NY rural residents on edge as search for 2 killers continues

David Sweat (left) and Richard Matt (right) (Photos: New York State Police via AP)


PLATTSBURGH, N.Y. (AP) — Residents in rural New York, unaccustomed to locking their doors, day or night, were on edge Saturday as the massive manhunt for two killers stretched out over an eighth day and the two men remained undetected after cutting themselves out of a maximum-security prison with power tools.

More than 800 law enforcement officers in the hunt for David Sweat and Richard Matt scoured the fields and Adirondack woods several miles around the Clinton Correctional Facility in Dannemora near the Canadian border.

The search resumed the morning after a prison worker was charged with smuggling in hacksaw blades, chisels, a punch and a screwdriver bit to help the men escape. Joyce Mitchell appeared in handcuffs before a judge in Plattsburgh on Friday night; her lawyer entered a not guilty plea on her behalf.

On Saturday, John St. Germain, who lives in the small town of Cadyville, was scanning the skyline and the Saranac River with a pair of binoculars.

“I’m kinda just looking at things along the river,” he said. “The river is real high right now. And if I see something, I know what to do.”

Kevin Farrington, a city engineer in Plattsburgh, stood close watch over his 2-year-old son Dylan as the toddler jumped at the chance to go outside for the first time since the prison break. A contingent of about 40 armed officers scanning the field across the highway set the family at ease for the first time all week.

“Obviously, you know the prison is there, but there’s never been an incident so you feel secure,” said Farrington, who moved to the banks of the Saranac River 13 years ago.

“When something like this happens, you think about a couple of guys who are pretty bad actors capable of anything,” Farrington said. “You know they’re desperate and probably not going to want to be taken alive. They’ll probably go to any lengths.”

Farrington said he keeps a loaded gun inside his home, just in case.

The 51-year-old Mitchell, a tailor shop instructor at the prison, was arraigned Friday on a felony charge of promoting prison contraband and a misdemeanor count of criminal facilitation.

Mitchell was ordered held in jail on $100,000 cash bail or $200,000 bond. She was moved to a jail in another county Saturday morning at the request of the Clinton County sheriff and is due back in court Monday morning.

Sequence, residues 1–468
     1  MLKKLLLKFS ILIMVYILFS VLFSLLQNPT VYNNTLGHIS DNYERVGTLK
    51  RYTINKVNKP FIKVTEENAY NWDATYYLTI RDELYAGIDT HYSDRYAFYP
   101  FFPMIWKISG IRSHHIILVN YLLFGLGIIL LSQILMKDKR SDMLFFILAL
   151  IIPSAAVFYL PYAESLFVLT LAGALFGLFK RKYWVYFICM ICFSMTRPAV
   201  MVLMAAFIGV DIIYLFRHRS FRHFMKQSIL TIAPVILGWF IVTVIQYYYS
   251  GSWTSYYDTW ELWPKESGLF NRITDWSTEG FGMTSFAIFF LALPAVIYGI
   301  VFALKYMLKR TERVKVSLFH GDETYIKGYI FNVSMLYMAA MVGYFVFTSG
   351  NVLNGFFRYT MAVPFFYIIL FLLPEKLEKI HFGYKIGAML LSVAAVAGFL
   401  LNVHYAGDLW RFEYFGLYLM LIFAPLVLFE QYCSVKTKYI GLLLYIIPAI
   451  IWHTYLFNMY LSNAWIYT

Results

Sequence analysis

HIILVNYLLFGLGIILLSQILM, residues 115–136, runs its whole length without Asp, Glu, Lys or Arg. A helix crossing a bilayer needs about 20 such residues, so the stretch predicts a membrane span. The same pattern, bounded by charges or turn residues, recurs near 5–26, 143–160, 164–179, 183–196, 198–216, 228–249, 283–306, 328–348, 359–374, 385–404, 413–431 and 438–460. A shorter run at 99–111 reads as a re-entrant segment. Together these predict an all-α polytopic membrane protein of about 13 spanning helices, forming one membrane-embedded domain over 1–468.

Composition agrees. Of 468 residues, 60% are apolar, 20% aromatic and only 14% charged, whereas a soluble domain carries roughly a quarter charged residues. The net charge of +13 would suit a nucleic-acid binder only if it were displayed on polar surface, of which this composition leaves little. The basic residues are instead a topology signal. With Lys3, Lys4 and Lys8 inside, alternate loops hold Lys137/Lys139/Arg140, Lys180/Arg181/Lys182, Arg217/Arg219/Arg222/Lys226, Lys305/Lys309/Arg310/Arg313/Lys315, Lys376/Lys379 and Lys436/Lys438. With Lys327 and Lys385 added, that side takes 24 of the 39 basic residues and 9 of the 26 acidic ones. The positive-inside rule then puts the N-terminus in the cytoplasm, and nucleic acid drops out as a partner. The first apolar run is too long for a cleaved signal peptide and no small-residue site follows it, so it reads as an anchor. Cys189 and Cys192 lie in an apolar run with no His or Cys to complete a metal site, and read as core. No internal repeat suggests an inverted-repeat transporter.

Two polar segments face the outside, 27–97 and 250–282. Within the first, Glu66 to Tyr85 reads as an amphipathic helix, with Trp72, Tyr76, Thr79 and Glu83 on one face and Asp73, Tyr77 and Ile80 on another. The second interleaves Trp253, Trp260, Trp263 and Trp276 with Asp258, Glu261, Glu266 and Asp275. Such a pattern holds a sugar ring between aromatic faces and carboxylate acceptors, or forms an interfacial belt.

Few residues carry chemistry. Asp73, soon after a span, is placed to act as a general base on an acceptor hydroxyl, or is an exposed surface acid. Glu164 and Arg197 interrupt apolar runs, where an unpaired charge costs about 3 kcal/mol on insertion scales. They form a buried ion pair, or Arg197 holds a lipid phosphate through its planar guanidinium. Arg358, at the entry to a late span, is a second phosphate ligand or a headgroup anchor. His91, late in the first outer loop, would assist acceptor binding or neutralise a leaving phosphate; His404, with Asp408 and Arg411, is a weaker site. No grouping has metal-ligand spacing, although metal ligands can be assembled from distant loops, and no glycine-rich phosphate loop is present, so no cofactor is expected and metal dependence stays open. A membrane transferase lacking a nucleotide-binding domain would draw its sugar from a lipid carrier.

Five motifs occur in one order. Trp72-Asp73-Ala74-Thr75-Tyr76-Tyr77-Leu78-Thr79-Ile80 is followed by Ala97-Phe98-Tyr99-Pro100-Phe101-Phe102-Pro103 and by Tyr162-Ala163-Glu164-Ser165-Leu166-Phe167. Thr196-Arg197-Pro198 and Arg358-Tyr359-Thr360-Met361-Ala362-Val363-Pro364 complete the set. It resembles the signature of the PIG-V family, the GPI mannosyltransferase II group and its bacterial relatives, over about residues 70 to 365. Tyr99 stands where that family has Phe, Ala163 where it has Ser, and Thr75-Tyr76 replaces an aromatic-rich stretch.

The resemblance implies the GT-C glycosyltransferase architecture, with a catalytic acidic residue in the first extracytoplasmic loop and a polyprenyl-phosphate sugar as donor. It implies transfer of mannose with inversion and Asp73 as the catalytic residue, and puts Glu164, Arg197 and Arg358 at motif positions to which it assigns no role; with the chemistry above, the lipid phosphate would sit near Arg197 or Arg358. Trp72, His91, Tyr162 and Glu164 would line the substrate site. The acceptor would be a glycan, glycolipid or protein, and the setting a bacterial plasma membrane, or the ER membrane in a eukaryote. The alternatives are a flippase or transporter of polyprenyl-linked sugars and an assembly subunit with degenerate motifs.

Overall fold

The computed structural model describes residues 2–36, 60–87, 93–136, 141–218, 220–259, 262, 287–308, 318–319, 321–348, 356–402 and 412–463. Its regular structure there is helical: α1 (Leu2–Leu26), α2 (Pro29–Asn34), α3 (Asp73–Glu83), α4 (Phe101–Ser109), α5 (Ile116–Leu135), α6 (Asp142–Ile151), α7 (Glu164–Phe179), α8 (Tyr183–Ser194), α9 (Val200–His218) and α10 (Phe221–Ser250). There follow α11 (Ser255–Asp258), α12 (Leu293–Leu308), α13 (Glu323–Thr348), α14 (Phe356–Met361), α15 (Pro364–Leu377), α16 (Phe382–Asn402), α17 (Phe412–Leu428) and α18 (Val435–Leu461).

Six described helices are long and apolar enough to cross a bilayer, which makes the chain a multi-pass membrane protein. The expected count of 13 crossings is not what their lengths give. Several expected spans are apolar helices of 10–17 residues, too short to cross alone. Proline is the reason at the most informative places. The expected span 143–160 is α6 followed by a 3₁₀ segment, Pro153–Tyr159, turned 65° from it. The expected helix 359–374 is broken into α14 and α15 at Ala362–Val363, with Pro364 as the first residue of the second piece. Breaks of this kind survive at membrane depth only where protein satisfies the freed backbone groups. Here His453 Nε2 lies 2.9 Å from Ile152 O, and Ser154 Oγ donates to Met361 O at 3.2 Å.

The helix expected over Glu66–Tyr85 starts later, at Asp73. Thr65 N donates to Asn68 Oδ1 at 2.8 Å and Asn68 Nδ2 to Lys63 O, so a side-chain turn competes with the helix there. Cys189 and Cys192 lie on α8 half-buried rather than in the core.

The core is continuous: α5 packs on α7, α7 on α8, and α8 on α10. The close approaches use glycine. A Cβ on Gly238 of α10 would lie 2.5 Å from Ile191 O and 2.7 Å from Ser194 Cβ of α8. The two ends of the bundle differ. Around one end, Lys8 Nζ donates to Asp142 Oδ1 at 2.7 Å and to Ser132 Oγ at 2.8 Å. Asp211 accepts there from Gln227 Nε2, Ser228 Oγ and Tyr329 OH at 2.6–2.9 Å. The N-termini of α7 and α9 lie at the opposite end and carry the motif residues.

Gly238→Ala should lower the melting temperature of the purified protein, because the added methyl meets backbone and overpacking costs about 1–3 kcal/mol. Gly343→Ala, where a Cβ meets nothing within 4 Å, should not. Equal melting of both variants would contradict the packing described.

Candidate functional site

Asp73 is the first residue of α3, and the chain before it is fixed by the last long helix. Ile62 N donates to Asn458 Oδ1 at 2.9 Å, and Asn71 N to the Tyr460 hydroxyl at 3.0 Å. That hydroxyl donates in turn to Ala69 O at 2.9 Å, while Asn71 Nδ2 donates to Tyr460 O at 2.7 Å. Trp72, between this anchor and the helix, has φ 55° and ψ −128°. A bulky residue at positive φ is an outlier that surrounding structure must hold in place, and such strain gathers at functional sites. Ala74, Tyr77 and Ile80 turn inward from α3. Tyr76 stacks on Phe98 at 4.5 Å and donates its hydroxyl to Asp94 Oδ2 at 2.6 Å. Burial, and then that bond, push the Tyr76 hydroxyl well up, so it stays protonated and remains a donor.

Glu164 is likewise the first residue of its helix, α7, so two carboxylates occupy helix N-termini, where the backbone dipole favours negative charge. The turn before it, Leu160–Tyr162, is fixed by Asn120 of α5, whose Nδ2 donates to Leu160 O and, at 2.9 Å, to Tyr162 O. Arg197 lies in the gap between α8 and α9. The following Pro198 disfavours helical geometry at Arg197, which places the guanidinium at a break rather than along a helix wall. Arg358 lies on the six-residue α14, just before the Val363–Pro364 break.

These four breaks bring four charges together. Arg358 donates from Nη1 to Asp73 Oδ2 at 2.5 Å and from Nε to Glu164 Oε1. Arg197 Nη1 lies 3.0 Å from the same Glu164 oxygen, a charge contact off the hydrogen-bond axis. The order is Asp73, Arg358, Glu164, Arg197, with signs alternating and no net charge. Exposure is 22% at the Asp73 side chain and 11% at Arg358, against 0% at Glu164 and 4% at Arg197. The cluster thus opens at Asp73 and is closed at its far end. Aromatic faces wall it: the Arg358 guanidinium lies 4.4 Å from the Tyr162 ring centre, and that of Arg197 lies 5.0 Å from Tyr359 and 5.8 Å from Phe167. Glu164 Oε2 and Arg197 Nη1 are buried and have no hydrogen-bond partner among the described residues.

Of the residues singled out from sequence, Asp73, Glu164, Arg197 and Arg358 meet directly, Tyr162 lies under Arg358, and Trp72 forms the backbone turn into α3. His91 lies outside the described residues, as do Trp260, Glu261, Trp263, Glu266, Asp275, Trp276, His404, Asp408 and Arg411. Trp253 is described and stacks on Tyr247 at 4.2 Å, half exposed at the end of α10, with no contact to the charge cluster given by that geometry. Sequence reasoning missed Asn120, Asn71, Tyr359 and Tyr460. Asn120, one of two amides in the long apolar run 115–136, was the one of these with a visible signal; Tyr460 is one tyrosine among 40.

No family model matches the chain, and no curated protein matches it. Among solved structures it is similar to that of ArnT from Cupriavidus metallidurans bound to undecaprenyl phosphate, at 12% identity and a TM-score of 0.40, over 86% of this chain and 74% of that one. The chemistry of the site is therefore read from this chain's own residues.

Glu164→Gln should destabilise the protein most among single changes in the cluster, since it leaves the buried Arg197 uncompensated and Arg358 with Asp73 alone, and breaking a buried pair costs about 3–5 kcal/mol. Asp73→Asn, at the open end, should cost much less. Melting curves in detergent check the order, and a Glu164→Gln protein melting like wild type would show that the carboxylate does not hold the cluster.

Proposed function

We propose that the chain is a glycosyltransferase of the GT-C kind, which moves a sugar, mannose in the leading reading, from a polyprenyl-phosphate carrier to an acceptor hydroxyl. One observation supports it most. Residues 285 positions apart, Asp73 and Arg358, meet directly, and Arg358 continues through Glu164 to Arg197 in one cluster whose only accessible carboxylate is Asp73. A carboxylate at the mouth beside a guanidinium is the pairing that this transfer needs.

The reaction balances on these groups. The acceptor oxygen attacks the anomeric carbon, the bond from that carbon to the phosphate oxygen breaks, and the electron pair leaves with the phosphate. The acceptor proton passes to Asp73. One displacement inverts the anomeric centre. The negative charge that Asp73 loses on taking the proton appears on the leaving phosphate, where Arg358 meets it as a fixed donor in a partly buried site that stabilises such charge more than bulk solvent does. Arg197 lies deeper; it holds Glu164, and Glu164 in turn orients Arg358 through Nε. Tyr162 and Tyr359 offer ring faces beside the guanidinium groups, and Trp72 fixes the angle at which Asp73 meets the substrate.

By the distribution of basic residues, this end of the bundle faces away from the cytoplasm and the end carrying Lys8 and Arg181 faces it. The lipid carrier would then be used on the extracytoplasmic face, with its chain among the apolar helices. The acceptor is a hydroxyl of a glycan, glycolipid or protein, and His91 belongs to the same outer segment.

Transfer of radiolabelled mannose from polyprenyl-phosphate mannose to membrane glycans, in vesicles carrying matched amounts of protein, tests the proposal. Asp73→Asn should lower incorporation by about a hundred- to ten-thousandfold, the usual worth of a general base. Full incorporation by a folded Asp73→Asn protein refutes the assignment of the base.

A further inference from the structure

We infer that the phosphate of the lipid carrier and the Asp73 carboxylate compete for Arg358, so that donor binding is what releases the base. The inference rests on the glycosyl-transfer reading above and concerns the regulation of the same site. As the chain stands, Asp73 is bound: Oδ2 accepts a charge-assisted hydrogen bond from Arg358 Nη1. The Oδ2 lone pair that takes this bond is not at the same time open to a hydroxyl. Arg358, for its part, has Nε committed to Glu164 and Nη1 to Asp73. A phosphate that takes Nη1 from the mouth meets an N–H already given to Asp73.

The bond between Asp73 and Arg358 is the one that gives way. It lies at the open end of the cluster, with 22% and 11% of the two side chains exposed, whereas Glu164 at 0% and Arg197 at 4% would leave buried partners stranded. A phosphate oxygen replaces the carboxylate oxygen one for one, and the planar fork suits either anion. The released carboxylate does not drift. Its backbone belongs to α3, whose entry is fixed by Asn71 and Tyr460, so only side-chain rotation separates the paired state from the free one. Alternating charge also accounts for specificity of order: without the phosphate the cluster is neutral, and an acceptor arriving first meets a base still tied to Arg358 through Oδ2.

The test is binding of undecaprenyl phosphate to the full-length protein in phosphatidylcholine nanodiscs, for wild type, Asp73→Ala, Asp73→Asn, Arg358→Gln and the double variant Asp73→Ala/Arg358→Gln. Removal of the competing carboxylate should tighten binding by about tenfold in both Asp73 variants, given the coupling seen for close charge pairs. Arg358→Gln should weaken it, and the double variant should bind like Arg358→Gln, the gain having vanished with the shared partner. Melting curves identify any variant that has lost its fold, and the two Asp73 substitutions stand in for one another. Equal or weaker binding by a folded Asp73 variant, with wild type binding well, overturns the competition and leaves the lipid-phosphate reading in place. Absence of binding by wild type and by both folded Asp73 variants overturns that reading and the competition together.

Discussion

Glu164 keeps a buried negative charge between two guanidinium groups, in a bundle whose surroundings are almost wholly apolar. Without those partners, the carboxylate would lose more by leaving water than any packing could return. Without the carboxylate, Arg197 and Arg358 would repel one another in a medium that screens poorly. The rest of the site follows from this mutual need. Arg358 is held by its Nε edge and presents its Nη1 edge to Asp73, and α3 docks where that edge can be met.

Mitchell is accused of befriending the 34-year-old Sweat and 48-year-old Matt and giving them the contraband, according to criminal complaints. District Attorney Andrew Wylie said earlier the contraband didn’t include the power tools the men used to cut holes in their cell walls and a steam pipe to escape through a manhole last weekend.

A person close to the investigation says Mitchell had agreed to be the getaway driver but never showed up. The person was not authorized to discuss the case and spoke on condition of anonymity.

Sweat was serving a life sentence for killing a sheriff’s deputy. Matt was serving 25 years to life for the 1997 kidnap, torture and hacksaw dismemberment of his 76-year-old former boss.

Mitchell has a job with a yearly salary of $57,697, overseeing inmates who sew clothes and learn to repair sewing machines at the prison. She has been suspended without pay. Her husband, Lyle, also works in industrial training at the prison.

“She’s a good, good person,” a neighbor, Sharon Currier, said. “She’s not somebody who’s off the wall.”

Mitchell’s daughter-in-law, Paige Mitchell, has said her mother-in-law never mentioned Sweat, Matt or any other inmates she encountered. “She doesn’t get too involved,” Paige Mitchell told the Press-Republican of Plattsburgh.

And Mitchell’s son Tobey told NBC that she would not have helped the inmates escape and that she checked herself into a hospital with chest pains on June 6, the day the breakout was discovered.
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Associated Press videographer Joseph Frederick in Cadyville, N.Y., contributed to this report.

Copyright 2015 The Associated Press. All rights reserved. This material may not be published, broadcast, rewritten or redistributed.

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